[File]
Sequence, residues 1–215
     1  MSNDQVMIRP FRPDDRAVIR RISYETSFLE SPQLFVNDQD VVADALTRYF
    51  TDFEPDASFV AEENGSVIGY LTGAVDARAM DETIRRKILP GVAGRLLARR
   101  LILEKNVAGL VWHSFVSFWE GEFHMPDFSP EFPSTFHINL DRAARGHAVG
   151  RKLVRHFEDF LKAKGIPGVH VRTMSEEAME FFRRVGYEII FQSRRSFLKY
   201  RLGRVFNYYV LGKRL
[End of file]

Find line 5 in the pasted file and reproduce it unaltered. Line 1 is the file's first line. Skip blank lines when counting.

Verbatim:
   151  RKLVRHFEDF LKAKGIPGVH VRTMSEEAME FFRRVGYEII FQSRRSFLKY